Sunday, August 3, 2008

Matthew Bumpus just died for a Government that abandoned him

Please share this outrage! He served in the US Army for 8 years and 9 months. Staff Sergeant, Command Section Sergeant and Stryker Vehicle Commander; and was in Charlie Company, 2nd Battalion, 3rd Infantry Regiment. He was exposed to radiation in Iraq. The V.A. repeatedly denied him. Please read his story. He leaves behind his wife and two sons.

Excerpt from:

Matthew Bumpus (original inspiration for this site) was initially diagnosed with Acute Myleogenous Leukemia (AML)in August 2006. The following is excerpts from a letter Matt has sent to some Congress & Senate members in an attempt to get assistance. Hearing Matt's story in his own words is very powerful.

"My name is Matt Bumpus and I am 31 years old. I live in Roseville, CA with my wife and two sons. I had the honor of serving my country in the US Army for 8 years and 9 months. I was a Staff Sergeant, Command Section Sergeant and Stryker Vehicle Commander; and was in Charlie Company, 2nd Battalion, 3rd Infantry Regiment. I served in Iraq for a year and was primarily in heavy combat zones in and around Ballad and Al Mosul. When I returned, my wife and I decided to go home to California and start setting down roots near our extended family and continue growing our family.

In July of 2006, I was home, had a job with a bright future, we were expecting our second child, we had just moved into a house, and life was good! At that time I was receiving a 10% disability for a wrist and shoulder injury.  I had included a claim for hearing loss suffered while enlisted, but it was denied and therefore not included in the disability.

On July 31st I was rushed by ambulance to the hospital with acute appendicitis. The next thing I remember is hearing that I had been diagnosed with the life threatening disease; Acute Myelogenous Leukemia (AML).  I was told that there was ‘chromosome damage due to radiation exposure.’ The following months of chemo, drugs, increased ringing in my ears, and various procedures, were at times unbearable. This is an extremely aggressive form of leukemia so the treatment is aggressive as well. But by the grace of God I went into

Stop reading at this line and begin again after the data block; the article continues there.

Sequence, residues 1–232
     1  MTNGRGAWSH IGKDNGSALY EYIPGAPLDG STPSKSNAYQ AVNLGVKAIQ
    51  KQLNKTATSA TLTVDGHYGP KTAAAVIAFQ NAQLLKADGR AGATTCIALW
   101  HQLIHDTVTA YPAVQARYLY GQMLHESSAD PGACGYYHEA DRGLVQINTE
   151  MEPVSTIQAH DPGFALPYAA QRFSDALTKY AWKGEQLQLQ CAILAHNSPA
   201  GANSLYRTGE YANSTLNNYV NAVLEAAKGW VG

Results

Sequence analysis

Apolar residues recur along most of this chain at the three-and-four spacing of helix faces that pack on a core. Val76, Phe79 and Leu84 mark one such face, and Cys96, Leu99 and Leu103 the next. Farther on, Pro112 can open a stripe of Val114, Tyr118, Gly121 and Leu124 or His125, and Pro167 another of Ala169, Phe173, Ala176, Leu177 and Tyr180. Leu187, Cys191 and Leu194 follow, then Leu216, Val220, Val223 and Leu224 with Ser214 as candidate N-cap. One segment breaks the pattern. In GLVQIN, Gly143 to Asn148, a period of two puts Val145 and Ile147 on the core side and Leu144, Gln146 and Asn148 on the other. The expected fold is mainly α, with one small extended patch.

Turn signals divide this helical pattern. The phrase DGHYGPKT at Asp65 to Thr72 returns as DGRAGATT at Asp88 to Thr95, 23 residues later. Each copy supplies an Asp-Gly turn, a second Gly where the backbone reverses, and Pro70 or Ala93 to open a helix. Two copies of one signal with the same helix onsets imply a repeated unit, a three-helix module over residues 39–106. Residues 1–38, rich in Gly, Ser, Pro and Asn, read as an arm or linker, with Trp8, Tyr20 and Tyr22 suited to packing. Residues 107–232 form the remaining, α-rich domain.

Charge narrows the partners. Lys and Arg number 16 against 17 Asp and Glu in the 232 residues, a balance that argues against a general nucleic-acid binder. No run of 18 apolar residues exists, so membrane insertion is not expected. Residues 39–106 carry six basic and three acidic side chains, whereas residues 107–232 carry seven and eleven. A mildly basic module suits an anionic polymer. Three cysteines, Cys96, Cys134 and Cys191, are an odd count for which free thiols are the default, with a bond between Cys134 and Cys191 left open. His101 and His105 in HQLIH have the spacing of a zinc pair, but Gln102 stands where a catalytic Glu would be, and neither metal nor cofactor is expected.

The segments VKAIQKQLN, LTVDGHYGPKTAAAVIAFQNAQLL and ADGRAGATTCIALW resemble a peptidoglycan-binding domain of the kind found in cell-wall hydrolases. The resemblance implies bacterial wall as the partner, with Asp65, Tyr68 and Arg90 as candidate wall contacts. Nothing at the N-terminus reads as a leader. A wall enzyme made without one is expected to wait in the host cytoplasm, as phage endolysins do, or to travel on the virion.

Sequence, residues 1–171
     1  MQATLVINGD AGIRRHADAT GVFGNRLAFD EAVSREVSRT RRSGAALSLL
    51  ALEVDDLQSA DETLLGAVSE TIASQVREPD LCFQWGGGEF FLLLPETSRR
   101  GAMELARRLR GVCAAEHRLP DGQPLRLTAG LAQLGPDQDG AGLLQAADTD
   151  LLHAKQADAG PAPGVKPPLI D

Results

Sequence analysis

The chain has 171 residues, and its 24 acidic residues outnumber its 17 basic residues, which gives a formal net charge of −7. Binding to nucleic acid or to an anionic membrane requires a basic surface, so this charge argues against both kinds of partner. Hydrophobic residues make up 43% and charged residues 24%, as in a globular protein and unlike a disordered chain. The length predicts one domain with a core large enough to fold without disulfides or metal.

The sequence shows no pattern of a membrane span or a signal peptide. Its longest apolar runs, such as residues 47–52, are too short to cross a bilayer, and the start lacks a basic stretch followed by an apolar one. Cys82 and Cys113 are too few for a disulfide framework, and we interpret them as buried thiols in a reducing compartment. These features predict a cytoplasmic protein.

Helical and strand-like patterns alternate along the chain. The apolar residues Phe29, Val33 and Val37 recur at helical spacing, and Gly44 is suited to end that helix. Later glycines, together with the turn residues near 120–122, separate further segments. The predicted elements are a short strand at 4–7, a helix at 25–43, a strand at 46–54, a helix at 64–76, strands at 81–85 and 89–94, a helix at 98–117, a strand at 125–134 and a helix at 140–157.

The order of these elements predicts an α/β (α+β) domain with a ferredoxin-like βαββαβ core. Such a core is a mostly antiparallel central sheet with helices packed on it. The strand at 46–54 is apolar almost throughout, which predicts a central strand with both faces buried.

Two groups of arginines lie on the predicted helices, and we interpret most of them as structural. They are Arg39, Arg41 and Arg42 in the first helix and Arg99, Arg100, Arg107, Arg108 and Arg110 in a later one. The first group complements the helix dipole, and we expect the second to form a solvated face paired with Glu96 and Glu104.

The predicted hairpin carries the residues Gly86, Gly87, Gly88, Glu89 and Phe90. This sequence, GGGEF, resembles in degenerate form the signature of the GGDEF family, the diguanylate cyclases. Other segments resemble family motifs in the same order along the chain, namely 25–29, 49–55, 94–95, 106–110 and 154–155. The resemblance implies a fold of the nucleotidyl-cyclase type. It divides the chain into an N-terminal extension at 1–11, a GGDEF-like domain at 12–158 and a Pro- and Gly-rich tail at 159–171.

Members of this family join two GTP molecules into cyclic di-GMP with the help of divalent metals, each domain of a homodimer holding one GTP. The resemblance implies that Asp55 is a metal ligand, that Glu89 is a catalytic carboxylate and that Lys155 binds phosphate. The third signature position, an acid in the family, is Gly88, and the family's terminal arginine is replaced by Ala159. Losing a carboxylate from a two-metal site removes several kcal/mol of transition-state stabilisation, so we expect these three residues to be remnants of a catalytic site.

remission at the end of 2006. I returned to work and an almost normal life. I was alive, in remission, and very thankful.

As I mentioned earlier, I returned from Iraq with a hearing loss. While going through the first treatment for Leukemia, I also suffered increased hearing loss and a constant loud ringing in my ears. It is so loud at times that it could be maddening. I included this as part of the AML claim in October 2006 since it was linked to the treatment of the AML. The VA rejected the loss of hearing as part of the claim because they said that they couldn’t ‘see enough physical damage’ but then sent me to a saleswoman for a hearing aid costing thousands of dollars. She told me that not only would this help me hear, it would also help eliminate the ringing. At this
point I had been out of work for months, with a family to support, and my wife due to have our second son any day, how could I pay thousands of dollars for a hearing aid that the VA said I didn’t really need?

Sadly, after almost 2 years of remission, I find myself battling a relapse of Acute Myelogenous Leukemia (AML).

It has been medically established that AML can be caused by chemical exposures as well as radiation. Daily job responsibilities throughout my time in the Army included training and operation of combat vehicles like Bradleys and Strykers. When I served in Iraq, I guarded some chemical spills/sites and was exposed to Depleted Uranium (from weapons use). In one specific incident, our company was called in to guard what seemed to be an old sealed bunker. We were wearing our normal protective gear. It was very dark inside but when we found ‘unknown’ chemicals, a Nuclear Biological Chemical Specialist was called in for testing. When he recognized one of the chemicals he quickly left the site and returned in full protective gear. We immediately put on our masks and worked our way out of the building. When the testing was done, a higher echelon of testers was brought in, while we continued to guard at the door of the bunker. Based on the seriousness of the results, we were told to leave the bunker and stay approximately a mile away.